Who Says What’s a Complementarian?

Apart from the issue that both (what many today call) egalitarians and complementarians at one time saw themselves as complementarian, one without hierarchy and one with hierarchy, today the term “complementarian” is used by those most commonly associated with the Council on Biblical Manhood and Womanhood. So they get to define the term, and one very notable representative of this view is Wayne Grudem, who summarizes Complementarian in “The Chart” in his book Evangelical Feminism and Biblical Truth.

How do you define “complementation”? Do you think it is more accurate to call this view “hierarchicalist”?

He sketches various views on a spectrum from The Effeminate Left (those who see No Difference and those who ascribe to Egalitarianism), The Complementarian Middle (those who believe in Equality and Difference and Unity and those who ascribe to Male Dominance), and The Violent Right (where there is No Equality). Here’s how Grudem sketches his view, Equality and Differences and Unity (three positive terms, and he does not use positive terms for any other view).

Defined: emphasizing both equality and different between men and women.

God as Trinity: Father, Son, Holy Spirit are of equal value with different roles. [This could sound like modalism but it is not.]

Man, Woman: Husband and wife have equal value but different roles.

Marriage: Husband is noted by loving humble headship; Wife is noted by intelligent, joyful submission to husband.

Children: are loved, cared for, valued, raised with discipline and love.

Family Responsibilities: husband’s responsibility is to lead, provide for, protect; the wife is responsible to help husband by managing household and nurturing children. [This is very close to the Victorian ideal of a wife at home and the man in the public sector.]

Sex: monogamous, equally fulfilling intercourse as the deepest expression of a great ‘mystery’: equality, differences, and unity!

Natural desires are fulfilled; men and women have a deep sense of acting as God made them to act.

Religion: some governing and teaching roles in the church restricted to men. [Notice how this is framed by restriction rather than gifts. Now what happened to equality?]

Authority: exercised within boundaries.

Sports: competition with fairness and rules: winners honored, losers respected.

Crime: punishment is speedy, fair; aims at justice plus restoration of criminal.

Property: laws protect private property and care for poor; more work and skill earns more wealth; equal opportunity for all.

Education: boys and girls both educated, but different preferences, abilities, and sense of calling respected.

The chart, as Grudem observes, contains generalizations on a spectrum.

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  • Something can’t affirm ‘equality’ while simultaneously affirming ‘male dominance’. If one sex has exclusive dominion / domination over the other, then they are not equals. This is a blatant self-contradiction in the definition for the ‘Complementarian Middle’.

    Also, calling egalitarians the ‘Effeminate Left’ is also just plain slanderous and unhelpful to a conducive dialogue. People disagree with me, and I’m right, therefore it’s okay to mudsling!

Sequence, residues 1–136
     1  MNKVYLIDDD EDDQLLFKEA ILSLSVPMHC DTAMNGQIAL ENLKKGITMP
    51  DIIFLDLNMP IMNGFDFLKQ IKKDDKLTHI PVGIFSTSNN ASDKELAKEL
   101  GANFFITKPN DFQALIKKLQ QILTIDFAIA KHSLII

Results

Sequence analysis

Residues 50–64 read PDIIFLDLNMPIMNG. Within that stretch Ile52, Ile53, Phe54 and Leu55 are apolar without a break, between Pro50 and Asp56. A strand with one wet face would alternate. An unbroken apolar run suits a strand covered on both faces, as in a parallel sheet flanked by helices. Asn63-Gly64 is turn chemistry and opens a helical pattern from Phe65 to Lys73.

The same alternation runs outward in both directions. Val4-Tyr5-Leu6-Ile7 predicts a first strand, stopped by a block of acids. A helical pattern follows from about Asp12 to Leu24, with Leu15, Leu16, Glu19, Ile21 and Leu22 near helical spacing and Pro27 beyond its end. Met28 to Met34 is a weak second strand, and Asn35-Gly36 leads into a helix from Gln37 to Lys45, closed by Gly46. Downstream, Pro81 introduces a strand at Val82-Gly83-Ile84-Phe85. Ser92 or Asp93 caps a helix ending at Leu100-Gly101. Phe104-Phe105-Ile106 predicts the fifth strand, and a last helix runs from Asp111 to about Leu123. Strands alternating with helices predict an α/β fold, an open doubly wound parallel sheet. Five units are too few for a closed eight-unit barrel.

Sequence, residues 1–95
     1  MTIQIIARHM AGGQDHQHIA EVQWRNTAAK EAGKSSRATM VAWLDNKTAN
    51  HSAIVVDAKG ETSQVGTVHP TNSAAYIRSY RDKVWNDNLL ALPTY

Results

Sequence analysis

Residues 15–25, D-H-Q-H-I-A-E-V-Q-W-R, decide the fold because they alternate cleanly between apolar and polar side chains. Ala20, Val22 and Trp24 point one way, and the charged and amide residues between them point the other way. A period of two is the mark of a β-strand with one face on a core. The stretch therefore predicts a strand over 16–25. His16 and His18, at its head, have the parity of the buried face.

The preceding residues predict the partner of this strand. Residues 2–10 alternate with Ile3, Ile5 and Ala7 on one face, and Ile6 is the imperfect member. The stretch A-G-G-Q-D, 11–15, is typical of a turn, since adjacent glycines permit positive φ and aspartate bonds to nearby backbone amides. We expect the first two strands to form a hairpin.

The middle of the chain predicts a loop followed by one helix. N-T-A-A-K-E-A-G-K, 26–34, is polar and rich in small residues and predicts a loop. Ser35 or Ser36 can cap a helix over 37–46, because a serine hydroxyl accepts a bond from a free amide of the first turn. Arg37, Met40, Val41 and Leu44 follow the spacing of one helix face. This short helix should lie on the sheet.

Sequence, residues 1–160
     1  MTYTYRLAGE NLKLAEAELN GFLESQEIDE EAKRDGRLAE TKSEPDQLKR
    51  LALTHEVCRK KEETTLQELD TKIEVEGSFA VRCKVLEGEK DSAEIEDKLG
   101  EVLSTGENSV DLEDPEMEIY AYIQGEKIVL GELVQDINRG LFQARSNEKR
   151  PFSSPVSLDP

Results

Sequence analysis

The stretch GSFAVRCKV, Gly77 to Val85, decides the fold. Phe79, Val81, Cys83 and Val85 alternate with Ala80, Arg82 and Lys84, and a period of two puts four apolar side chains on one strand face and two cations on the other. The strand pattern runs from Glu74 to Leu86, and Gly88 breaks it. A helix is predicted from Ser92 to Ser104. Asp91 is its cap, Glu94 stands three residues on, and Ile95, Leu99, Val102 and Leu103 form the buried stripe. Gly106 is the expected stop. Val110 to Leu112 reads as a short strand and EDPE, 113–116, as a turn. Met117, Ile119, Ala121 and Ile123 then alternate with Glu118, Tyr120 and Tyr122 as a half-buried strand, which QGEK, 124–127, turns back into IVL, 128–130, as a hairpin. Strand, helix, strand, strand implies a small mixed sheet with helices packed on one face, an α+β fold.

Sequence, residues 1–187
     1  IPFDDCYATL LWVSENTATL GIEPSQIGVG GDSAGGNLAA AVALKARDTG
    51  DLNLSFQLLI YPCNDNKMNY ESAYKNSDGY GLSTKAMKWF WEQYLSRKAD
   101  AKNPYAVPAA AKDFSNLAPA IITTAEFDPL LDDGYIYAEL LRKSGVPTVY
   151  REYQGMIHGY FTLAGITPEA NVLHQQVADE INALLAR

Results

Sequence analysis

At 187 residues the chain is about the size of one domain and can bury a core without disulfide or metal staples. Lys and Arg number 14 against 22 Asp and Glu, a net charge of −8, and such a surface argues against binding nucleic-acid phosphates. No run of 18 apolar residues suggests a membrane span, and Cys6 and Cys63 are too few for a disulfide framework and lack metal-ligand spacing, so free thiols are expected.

• Also, just saw the previous post on egalitarianism; the majority of things Grudem passes on as ‘general’ true statements is mindbogglingly mistaken or outright deceptive. It’s complete and utter nonsense to such a degree it genuinely sounds like he’s making stuff up just as a scare tactic. (You don’t want to be an ‘effeminate’ egalitarian, what with their undisciplined children and no-holds-barred gay sex, do you?)

  • Amanda B.

    I find it very, very strange that Grudem considers “Male Dominance” to be in the “middle” of the spectrum. I guess anything short of all-out spousal abuse doesn’t count as “extreme” on the right end of the spectrum?

    The implications of this are troubling to me.

  • Dan

    “Dominance” is just as inflammatory to complementarians as “effeminate” is to egalitgarians. No reason to equate “different roles” with “dominance”.

    I probably differ with Grudem in that Grudem apparently fails to mention “be submissive one to another” as the context of Ephesians 5. There are times when a loving husband should submit to his wife, in my view.

    But the real issue here is that egalitarians cannot conceive of “equality” and “different roles” being consistent with each other. As long as there are different roles, there cannot be equality. Complementarians point to the Trinity and say “Equal but different roles”. There is a possibility.

    So the mudslinging goes on. Different roles? You believe in patriarchal dominance! You cave men!

  • Levi

    You make it sound as if egalitarians lack imagination. Of course it is possible to be equal and have different roles. But it is not possible to do so when the difference in role is defined in terms of authority. When one party has authority over the other then equality does not exist by definition, no matter how lovingly the authority is exercised or how willingly the other party submits.

  • Amanda B.

    For my part, I’m not insulted by the term “effeminate” because of any sort of fear of being perceived as such. I take issue with the term because I perceive it as being inherently misogynist (it ignores the presence of women and disdains their influence), and I don’t believe it has a place in respectful, mature dialog.

    I used to be a complementarian, and I can well believe that complementarians don’t want men to dominate women. I am more than happy to take anyone’s word for it when they say that’s the case.

    But part of the problem is that major complementarian teaching and language is not always consistent with this desire. A prime example of this is Raymond Ortlund Jr.’s chapter in Recovering Biblical Manhood and Womanhood: “In doing so [naming the animals], Adam brought the earthly creation under his dominion. This royal prerogative extended to Adam’s naming of his helper” (eBook version, p. 94).